In terms of a pay service, assuming it does not happen this year, I would like to see NWSL start some sort of supporters club so that when it does happen, those who have been with the league from the start can be in line for some sort of break to ease the transition.
Q: The 4 p.m. ET ‘appointment’ viewing window seems like a boon for the league. Could there be drawbacks?
Dan: Yes. First, the 4 p.m. window has been problematic in the past, at least so far as MLS can be used as a guide. Maybe MLS just wasn’t ready for it at the time, but two things that won’t change are that no one wants to play soccer at 4 p.m. on a hot summer day in Orlando or 3 p.m. in Houston; and that it cuts into the audience that doubled up on youth soccer tournaments. It will also be interesting to see how different markets respond to having some of their game times adjusted. A few years ago Plush was preaching market relevance. This seems to fly in the face of that. The good news is that if it does not work out, Lifetime is likely much more flexible to tweaking it than any of the major sports outlets would ever be.
Hannah: Although this time slot is going to be tough, I think that it actually might be okay. Reason for that being—what is the alternative? There are too many sports programming conflicts on Friday, Saturday, and Sunday primetime such as the NBA or the NFL across a variety of networks with higher viewership—competing against that would be tough. Weeknight prime is also reserved for sports programming such as weeknight NBA, MLB, NHL, and NFL and most likely conflicts with Lifetime’s original content and programming schedule for their owned series. For those reasons, I would argue it is Okay; not ideal, but not horrible. However, MLS, in addition to owning Soccer Sunday, will be adding a variety of Saturday windows to its national broadcast schedule and this adds to Dan’s argument that this timeslot is problematic. On Saturdays where game windows overlap, it will be tough for the NWSL to go up against MLS programming on either ESPN or FS1. In any event, I am sure Lifetime will evaluate after (or during) year 1 of the deal and re-assess if necessary.
Q: The agreement is for three years. Where do you see the league at that time?Any other thoughts?
Hannah: The end of the agreement will mean the NWSL will have completed its seventh year—which is pretty incredible. At that time I hope we will see a) expansion and b) more MLS partnerships. Expansion is important for league growth and Plush knows that, but has also stressed it must be done in the right way at the right time. Over the next three years, I hope we see 4-5 new clubs strategically placed in growing women’s soccer markets. In addition to expansion, partnerships between MLS and NWSL clubs are going to continue to be important. With models like Portland, Houston and Orlando to follow, it’d be great to see the Washington Spirits and Sky Blue FCs of the world to be able to form strong partnerships with their MLS in-market teams to increase growth of each club and the league as a whole.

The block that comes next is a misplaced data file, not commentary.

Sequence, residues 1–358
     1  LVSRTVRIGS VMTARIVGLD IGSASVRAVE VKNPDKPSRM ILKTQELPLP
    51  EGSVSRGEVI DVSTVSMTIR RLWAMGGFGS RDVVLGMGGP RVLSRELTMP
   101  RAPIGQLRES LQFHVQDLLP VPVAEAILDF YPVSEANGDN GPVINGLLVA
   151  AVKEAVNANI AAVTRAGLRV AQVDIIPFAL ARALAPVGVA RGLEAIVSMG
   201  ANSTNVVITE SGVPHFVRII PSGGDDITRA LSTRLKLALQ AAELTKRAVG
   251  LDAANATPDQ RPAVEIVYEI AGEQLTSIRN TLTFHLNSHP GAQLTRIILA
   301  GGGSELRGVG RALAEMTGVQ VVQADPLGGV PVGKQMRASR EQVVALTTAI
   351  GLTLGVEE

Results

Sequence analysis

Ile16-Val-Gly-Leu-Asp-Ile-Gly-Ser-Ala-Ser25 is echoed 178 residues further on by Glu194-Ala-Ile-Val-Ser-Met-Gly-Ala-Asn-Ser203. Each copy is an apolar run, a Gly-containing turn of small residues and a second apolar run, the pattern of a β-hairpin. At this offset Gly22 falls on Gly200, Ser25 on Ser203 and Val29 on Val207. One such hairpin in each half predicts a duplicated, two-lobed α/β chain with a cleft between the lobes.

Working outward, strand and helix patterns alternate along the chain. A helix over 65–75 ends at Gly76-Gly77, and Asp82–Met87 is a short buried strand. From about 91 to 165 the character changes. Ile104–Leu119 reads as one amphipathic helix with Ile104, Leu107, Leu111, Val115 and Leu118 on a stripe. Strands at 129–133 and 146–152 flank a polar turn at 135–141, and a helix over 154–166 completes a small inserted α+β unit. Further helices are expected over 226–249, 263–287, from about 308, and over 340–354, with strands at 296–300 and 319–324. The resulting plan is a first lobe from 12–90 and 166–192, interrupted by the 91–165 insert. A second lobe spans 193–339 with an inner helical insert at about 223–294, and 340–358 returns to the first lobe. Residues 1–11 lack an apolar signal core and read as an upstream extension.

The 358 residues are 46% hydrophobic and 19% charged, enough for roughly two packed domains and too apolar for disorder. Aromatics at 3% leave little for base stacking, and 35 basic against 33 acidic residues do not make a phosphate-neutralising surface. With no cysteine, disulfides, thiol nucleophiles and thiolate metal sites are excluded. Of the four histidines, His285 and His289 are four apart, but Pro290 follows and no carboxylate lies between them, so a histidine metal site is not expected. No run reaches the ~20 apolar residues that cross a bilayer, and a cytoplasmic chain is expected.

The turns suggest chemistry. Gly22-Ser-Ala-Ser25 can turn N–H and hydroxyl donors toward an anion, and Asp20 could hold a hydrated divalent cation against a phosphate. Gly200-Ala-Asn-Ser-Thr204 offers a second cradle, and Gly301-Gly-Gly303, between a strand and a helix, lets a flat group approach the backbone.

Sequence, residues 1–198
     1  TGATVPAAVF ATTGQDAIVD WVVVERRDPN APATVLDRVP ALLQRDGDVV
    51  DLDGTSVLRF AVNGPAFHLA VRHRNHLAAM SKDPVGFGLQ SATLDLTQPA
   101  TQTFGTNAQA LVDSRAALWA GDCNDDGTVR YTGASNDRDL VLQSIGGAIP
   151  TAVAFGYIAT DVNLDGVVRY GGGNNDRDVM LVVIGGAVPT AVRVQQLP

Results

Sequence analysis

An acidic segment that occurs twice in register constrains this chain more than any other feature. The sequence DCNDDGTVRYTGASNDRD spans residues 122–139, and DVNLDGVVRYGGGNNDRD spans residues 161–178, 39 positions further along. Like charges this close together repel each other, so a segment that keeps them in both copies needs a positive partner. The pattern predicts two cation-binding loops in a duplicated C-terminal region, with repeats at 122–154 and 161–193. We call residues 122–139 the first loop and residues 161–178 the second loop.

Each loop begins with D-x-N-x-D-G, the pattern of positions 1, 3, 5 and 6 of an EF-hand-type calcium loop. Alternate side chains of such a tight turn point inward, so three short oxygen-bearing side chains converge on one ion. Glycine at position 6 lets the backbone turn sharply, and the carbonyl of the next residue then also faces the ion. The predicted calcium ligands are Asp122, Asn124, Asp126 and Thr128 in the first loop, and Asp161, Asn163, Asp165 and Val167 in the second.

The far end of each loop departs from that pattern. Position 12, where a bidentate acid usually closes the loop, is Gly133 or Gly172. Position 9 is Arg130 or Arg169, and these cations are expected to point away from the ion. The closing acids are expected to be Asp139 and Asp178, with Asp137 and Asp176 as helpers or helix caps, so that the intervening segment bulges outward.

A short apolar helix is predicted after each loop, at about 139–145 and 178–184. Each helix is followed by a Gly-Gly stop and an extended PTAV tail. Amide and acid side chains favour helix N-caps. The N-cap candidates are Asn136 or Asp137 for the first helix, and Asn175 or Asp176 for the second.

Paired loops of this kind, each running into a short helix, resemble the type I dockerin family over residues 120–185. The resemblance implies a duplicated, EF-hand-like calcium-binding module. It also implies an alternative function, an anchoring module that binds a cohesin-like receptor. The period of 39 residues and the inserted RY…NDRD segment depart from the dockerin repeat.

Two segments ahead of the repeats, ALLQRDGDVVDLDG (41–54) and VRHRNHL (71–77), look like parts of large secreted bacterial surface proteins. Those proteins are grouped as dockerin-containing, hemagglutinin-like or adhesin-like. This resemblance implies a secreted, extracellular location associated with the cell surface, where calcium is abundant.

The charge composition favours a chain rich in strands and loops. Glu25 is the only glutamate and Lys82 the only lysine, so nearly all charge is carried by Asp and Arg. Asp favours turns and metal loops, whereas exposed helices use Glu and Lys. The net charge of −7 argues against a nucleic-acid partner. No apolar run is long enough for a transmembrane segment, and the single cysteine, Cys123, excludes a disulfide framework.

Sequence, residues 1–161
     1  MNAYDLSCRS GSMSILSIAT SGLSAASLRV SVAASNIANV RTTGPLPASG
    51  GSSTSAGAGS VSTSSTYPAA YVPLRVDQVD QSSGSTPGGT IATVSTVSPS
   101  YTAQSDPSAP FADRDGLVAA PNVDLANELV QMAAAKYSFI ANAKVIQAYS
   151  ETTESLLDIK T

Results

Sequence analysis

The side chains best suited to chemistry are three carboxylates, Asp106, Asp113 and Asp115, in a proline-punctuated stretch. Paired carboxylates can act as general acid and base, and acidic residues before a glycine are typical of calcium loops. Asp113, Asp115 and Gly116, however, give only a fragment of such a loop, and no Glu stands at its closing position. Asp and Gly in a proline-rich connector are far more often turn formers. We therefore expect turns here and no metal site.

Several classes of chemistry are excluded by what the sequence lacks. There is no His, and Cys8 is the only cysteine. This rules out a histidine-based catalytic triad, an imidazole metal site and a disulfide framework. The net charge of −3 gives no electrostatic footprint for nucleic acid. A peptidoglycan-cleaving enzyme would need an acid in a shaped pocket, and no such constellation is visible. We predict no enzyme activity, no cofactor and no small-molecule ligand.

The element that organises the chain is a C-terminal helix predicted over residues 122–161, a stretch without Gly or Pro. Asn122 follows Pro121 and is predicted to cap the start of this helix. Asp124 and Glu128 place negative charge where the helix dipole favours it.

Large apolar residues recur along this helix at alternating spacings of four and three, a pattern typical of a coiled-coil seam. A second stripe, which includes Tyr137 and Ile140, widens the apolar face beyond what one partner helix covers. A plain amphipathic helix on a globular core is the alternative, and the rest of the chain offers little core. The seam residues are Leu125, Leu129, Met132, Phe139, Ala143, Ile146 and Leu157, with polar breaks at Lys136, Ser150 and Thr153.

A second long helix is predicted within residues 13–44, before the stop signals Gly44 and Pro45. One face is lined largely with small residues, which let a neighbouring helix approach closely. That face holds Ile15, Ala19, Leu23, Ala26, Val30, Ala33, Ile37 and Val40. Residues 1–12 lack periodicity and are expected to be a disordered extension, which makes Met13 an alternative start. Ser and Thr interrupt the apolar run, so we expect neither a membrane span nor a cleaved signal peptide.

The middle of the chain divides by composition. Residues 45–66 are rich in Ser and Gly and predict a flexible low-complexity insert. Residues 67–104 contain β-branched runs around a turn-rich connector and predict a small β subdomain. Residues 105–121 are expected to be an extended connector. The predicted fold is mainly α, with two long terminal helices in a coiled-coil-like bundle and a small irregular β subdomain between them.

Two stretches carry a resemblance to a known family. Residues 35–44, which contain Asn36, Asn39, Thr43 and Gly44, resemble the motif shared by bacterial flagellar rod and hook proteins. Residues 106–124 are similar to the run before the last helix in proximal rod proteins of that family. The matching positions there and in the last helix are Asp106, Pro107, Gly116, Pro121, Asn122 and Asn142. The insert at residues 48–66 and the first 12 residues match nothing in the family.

Lastly, by year three of the agreement, the league will be looking to what’s next in a year (2019) where women’s soccer and U.S. women’s soccer specifically will be more relevant and top of mind than ever before as the USWNT return to the World Cup stage to defend their title and avenge Olympic disappointment. Riding on the coattails of what I foresee as a massive year for women’s soccer in awareness and momentum might just be exactly what the league needs to re-start negotiations with the sport media conglomerates such as ESPN and Fox, touting the previous three year’s success stories.
Dan: Great point about 2019, Hannah. In the madness of the day it had not occurred to me that the end of this TV agreement expires during the next World Cup year. That figures to make for a solid ending in terms of ratings and hopefully sponsorships. Here is my question though. If A+E has an equity stake in the league, can NWSL then go and look for a better broadcast partner at the end of 2019? ESPN is under the same umbrella as A+E so that may be an easier transition a la the WNBA but shifting to FOX could prove challenging. Additionally, if A+E wants out at that time, will they have the league in too deep to break away and survive on its own?
Those are the worst-case scenarios though. What I expect out of the next three years is for NWSL to grow and become firmly established rather than its current state which I would call tenuously established. I expect more teams and more partner teams though some of those might come from surprising areas as opposed to MLS. And I’m cautiously optimistic that more quality players will come and ply their trade here even if a few more U.S. players meander overseas. All in all this is a very good day for NWSL and the creation of NWSL Media reminds me of January 2001 when MLS owners opted not to fold and instead doubled down and created SUM. This will be much smaller scale, but for those of us looking for the league to commit to an aggressive vision of growth, this is surely it.